Since an unfavorable decision in 1908, Mississippi’s ban on carrying a firearm that was concealed “in whole, or in part” was interpreted so strictly that one judge had opined that even the carrying a firearm by a leather string would violate the ban, as the string would obscure at least part of the firearm. Acccordingly, anyone lacking a Mississippi carry permit was unable to carry a pistol about his or her person without violating the law. Further, the law was interpreted so that any permit holder whose concealed firearm was partially revealed – while the person adjusted his or her clothes, for example – would run afoul of the law.
In February 2013, the Mississippi legislature approved HB 2 which clarified that “’concealed’ means hidden or obscured from common observation and shall not include any weapon listed in subsection (1) of this section, including, but not limited to, a loaded or unloaded pistol carried upon the person in a sheath, belt holster or shoulder holster that is wholly or partially visible, or carried upon the person in a scabbard or case for carrying the weapon that is wholly or partially visible.” On March 4, 2013, Mississippi Governor Phil Bryant signed HB 2 into law, with the new rule set to take effect the following July 1st.
However, in late June, a group led by Hinds County District Attorney Robert Shuler Smith, and backed by the inaccurately-named Southern Poverty Law Center, filed a suit to block the new law. On June 28, 2013, Hinds County Circuit Court Judge Winston Kidd granted an injunction to prevent the law from taking effect. Kidd accepted the plaintiffs’ argument that the law was unconstitutionally vague and that a “reasonable person reading the bill could not discern what the law allows and what it prohibits.” Despite the fact that the majority of states have for some time recognized as legal various forms of open carry, SPLC attorney Jody Owens argued, “The plaintiffs are trying to stop mayhem. We’re looking at a wild, wild West scenario.” In a bizarre and novel legal strategy, the opponents of the new law also claimed that the state of Mississippi is obligated by the state constitution to restrict the open carry of firearms.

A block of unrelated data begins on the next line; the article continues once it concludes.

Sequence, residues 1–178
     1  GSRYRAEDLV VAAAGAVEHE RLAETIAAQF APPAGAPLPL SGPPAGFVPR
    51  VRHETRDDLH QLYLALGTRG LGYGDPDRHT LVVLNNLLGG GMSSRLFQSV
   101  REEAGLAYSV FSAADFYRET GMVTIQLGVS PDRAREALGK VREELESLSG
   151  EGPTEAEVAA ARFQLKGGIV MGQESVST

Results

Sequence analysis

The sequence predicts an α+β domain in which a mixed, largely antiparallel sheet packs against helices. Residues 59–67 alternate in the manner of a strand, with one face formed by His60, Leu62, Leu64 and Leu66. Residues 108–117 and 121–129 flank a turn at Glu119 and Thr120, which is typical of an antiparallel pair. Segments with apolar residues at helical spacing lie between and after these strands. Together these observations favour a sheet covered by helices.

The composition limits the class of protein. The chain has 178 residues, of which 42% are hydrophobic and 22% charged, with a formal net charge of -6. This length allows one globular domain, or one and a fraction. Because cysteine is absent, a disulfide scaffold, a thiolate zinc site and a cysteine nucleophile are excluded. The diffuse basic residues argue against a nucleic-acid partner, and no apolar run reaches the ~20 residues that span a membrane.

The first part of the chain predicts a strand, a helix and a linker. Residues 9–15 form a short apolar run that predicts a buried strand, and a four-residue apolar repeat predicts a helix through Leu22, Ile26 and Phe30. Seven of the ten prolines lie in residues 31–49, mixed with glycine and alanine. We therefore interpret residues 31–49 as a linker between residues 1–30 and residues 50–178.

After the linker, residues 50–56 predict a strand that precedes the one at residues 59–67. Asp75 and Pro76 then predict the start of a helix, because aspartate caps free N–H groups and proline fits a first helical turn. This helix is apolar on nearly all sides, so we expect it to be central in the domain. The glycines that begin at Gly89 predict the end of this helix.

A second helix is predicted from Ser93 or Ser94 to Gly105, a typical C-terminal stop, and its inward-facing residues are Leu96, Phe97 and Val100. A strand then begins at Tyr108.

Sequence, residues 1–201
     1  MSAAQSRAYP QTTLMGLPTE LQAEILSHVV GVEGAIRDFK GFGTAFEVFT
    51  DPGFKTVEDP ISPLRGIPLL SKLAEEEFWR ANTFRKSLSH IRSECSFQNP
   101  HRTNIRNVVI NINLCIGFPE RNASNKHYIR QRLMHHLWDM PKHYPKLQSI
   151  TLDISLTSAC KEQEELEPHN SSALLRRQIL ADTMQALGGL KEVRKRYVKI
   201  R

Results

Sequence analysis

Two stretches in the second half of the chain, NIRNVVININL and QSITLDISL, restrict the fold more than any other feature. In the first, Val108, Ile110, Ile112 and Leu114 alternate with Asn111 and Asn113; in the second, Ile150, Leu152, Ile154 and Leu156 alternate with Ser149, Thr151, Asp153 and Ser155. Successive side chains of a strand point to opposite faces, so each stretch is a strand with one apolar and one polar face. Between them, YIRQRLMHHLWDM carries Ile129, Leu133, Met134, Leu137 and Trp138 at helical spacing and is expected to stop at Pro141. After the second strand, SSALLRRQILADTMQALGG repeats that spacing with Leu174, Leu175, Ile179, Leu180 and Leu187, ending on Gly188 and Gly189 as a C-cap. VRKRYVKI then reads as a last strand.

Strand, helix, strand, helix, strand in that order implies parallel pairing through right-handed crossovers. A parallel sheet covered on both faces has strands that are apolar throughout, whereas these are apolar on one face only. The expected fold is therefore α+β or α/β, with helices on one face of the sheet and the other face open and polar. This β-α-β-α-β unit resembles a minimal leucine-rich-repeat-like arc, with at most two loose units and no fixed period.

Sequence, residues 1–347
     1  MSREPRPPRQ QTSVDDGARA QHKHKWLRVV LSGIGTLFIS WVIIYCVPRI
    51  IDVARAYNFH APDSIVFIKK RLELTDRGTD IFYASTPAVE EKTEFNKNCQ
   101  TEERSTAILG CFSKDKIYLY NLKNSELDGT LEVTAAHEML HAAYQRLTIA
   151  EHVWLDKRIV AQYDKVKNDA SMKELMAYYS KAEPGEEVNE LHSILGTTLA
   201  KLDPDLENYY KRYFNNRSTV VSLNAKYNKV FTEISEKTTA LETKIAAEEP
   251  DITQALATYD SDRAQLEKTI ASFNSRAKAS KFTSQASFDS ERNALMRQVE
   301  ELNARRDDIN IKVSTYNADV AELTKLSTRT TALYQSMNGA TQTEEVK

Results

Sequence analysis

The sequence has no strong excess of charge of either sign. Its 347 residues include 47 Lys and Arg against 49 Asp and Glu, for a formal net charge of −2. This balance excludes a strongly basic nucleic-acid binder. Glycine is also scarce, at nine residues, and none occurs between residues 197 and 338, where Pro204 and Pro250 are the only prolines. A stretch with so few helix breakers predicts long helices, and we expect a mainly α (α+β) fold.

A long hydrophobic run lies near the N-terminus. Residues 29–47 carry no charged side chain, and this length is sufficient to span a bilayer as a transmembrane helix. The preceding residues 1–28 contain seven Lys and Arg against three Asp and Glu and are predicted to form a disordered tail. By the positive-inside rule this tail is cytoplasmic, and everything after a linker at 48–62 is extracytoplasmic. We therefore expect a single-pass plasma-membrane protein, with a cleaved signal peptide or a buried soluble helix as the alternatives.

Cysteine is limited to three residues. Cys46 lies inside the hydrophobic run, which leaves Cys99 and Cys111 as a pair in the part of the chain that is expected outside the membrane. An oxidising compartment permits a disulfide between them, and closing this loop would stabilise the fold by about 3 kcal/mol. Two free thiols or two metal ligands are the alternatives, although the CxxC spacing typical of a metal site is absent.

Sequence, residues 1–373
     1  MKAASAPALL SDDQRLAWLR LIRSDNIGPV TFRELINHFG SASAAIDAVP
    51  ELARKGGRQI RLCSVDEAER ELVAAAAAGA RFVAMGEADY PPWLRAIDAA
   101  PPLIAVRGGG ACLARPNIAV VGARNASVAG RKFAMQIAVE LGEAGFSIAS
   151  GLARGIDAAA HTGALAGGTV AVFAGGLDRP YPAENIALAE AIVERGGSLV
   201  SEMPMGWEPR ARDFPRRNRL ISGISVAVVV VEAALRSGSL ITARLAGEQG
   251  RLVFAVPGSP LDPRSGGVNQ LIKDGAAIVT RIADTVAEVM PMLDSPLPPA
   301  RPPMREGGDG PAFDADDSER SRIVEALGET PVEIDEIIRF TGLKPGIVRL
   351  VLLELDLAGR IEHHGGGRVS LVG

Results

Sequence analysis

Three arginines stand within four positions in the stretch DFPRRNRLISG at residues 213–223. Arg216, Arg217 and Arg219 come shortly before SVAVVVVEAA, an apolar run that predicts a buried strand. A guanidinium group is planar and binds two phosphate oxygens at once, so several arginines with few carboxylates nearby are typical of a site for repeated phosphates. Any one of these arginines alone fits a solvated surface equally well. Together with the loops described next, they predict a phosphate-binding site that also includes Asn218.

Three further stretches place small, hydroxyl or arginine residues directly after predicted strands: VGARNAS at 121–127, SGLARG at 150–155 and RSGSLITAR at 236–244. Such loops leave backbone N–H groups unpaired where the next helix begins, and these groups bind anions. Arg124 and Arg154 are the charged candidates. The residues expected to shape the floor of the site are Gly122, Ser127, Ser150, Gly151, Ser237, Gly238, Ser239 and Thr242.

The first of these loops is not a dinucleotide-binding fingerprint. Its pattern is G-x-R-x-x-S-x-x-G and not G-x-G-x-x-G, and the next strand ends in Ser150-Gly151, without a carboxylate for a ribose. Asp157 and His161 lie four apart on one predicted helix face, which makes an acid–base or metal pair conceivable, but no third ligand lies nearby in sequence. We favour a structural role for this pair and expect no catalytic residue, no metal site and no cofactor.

On July 22, 2013, Mississippi Attorney General Jim Hood filed a petition for interlocutory appeal and motion to vacate permanent injunction with the state Supreme Court, seeking to overturn Kidd’s ruling. Days later, separate friend of the court briefs were filed on behalf of Gov. Bryant, a coalition of 80 state senators, and NRA, supporting Hood’s petition.
The NRA brief countered the “wild West” hyperbole advanced by Smith and the SPLC, explaining that the changes in the law are easily understood and that federal and Mississippi laws contain numerous other firearm regulations aimed at preserving the public peace, which laws would continue to be enforceable under HB 2. The brief cited, for example, federal and state laws which bar felons from possessing firearms and establish various sensitive places where firearms may not be carried. Further, the brief explains that while the state is precluded from some onerous firearms regulations under the U.S. and Mississippi constitutions, the state is certainly not required to regulate open carry “in a specific manner to the liking” of Smith and SPLC.
Thankfully, the nine Mississippi Supreme Court justices agreed with the Attorney General’s Office and the NRA, determining that the arguments accepted by the lower court were without merit and overturning its injunction.
Their terse, no-nonsense order stated:
“This Court finds that the Circuit Judge erred as a matter of law when he found House Bill 2 to be vague and, therefore, unconstitutional. He also erred when he stated that ‘a reasonable person reading the bill could not discern what the law allows and what it prohibits.’”
Since the Mississippi Supreme Court’s ruling, open carry has been the law of the land in the Magnolia State. Needless to say, life has continued as normal for Mississippians, and the Wild West scenario breathlessly advanced by the SPLC and the other plaintiffs has not come to pass.
Established in 1975, the Institute for Legislative Action (ILA) is the “lobbying” arm of the National Rifle Association of America. ILA is responsible for preserving the right of all law-abiding individuals in the legislative, political, and legal arenas, to purchase, possess and use firearms for legitimate purposes as guaranteed by the Second Amendment to the U.S. Constitution. Visit: www.nra.org